This test-print features Lorem Ipsum placeholder text (randomised Latin text designed to simulate text when none is available) with the typeface set at 11 pt for body copy, 18pt for sub-headings and 24pt for headings. I mixed uppercase and lowercase letters as with some typefaces there will be a clear aesthetic preference. By testing a variety of sizes and weights, this helps give me a stronger guide as to which option is best for the project.

IMG_5657_web

The test-print was very illuminating, with some points being immediately noticeable, while some factors emerged after looking at it for a while. Below I’ll briefly cover each typeface’s advantages and disadvantages, and then make a final decision.

Nexa

For the test-print, only the bold and light weight are accessible to me as the others cost, so this restricts its flexibility, as the light weight is very thin, even as black ink on white paper so is unlikely to sit well against a black background. As for the bold weight, it is too heavy to be the body copy.

While this sans-serif typeface is clean and minimal, my research has shown it to have become a very ‘fashionable’ typeface, and therefore at the moment, there seems to be a surplus of people using it, which does not make it a good way of building the show’s visual identity.

Roboto & Open Sans

While two different typefaces, both are very similar and produced by Google so I will discuss them together. There is a very wide range of weights, which is excellent for providing a visual hierarchy. The light weights are aesthetically more pleasing as they are slightly more delicate, but won’t print as well, therefore the regular weight becomes of importance here.

Both typefaces would be suitable for the body copy, although I don’t think it is best suited for display purposes. This would mean it is best supporting a display typeface.

Maven Pro

A very similar proposition to Nexa, but the advantage is that I have access to a regular weight. However, the rounding off of the characters is a pure stylistic feature, and takes attention away from the text because of its unusual letterforms. Otherwise though it is a generic sans-serif typeface, with no specific advantage so it won’t be suitable for this project.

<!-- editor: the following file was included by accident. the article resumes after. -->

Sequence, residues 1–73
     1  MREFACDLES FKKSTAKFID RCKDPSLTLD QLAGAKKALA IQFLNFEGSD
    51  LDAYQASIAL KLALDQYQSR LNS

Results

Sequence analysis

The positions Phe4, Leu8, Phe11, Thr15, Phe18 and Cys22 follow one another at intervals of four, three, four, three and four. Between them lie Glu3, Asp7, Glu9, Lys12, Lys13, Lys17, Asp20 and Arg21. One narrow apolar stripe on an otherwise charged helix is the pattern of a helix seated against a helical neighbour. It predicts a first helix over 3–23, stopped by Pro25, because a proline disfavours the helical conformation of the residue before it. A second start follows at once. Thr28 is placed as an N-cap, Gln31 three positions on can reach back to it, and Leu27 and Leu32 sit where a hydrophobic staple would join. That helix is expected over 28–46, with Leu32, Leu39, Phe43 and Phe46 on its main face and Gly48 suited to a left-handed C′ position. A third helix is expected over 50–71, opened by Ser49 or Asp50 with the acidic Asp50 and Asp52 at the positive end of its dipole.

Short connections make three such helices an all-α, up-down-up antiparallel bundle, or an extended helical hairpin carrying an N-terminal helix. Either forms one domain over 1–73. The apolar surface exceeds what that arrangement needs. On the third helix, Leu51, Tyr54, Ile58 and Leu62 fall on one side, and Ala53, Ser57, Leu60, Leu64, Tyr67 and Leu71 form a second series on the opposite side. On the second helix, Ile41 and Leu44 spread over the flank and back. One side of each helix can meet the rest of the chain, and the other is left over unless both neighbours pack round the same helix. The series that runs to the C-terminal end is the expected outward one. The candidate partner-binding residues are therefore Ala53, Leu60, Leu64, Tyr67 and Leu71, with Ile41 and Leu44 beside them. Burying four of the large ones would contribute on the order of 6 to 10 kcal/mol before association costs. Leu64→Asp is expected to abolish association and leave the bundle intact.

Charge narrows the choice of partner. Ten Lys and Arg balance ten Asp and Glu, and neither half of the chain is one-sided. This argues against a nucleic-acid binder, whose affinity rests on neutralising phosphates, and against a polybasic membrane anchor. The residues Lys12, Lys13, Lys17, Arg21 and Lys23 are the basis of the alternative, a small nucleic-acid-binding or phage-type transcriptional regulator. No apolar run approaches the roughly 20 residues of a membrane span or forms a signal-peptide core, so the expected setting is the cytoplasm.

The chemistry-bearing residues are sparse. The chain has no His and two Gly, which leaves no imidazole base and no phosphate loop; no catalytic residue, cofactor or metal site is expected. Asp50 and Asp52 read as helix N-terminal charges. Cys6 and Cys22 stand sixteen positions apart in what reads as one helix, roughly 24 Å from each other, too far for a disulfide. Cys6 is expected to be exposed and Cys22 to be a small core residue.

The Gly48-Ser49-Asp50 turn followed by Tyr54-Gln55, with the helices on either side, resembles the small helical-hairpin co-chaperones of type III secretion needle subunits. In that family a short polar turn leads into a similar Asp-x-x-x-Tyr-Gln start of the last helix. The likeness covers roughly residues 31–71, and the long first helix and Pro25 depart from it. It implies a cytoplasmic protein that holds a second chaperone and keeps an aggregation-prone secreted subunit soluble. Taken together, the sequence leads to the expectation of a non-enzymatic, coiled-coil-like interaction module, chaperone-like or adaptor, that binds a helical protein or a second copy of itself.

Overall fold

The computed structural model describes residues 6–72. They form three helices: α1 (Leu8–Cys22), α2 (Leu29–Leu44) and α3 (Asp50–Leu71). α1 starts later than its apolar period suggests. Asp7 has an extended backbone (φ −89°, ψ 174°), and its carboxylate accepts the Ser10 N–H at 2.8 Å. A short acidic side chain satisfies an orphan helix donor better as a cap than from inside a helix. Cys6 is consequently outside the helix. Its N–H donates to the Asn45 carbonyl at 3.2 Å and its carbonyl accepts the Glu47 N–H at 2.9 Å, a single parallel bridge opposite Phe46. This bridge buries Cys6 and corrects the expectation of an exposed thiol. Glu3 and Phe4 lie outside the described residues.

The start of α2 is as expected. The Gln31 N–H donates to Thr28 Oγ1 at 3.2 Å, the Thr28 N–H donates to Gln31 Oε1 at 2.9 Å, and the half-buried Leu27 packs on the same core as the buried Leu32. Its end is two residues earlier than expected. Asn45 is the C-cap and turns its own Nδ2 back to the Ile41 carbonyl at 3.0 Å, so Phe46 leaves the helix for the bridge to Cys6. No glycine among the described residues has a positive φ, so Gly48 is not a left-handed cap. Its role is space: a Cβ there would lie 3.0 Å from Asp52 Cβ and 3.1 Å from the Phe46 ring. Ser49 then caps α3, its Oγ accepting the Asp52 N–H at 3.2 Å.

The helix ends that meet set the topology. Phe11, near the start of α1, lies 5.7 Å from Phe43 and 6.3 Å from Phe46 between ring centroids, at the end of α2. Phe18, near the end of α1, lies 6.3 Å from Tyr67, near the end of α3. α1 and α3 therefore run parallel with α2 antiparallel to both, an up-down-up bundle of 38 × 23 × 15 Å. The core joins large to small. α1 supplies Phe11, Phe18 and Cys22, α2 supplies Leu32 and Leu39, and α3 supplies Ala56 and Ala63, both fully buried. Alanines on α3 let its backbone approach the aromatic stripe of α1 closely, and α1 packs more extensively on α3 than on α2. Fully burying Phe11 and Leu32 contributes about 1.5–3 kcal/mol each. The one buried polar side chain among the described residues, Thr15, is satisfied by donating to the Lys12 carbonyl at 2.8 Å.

Avenir

This typeface is also very close to Nexa, but is available in a far broader range of weights, meaning it is very flexible. However, the very low x-height gives the body copy an undesirable squashed profile, which is not preferred. Ideally for the body copy, I need a typeface that is anonymous in carrying the message rather than making a statement.

232MKSD

This typeface definitely stands out the most with some rather unique characteristics such as the mix of curved and gently angled strokes visible at larger sizes. Legibility is excellent, especially for the bold weight, achieved in a narrow width because of the high x-height. The bold weight also looks aesthetically more pleasing in upper case characters.

I think this typeface is best suited to a display purpose, but it could be used for the body copy as well. However, I would think that there are better typefaces that could be used for this purpose, as that high x-height and narrow width does not suit body copy, and tracking and leading would need to be increased heavily to compensate.

Fenix

Upon examining it when printed, I can see Fenix is not suitable for use as a typeface in this project. It is similar to Jura, which I talk about below, but looks more traditional, which is not the voice I was looking for with this project. It’s availability in only one weight also holds it back here for me.

Jura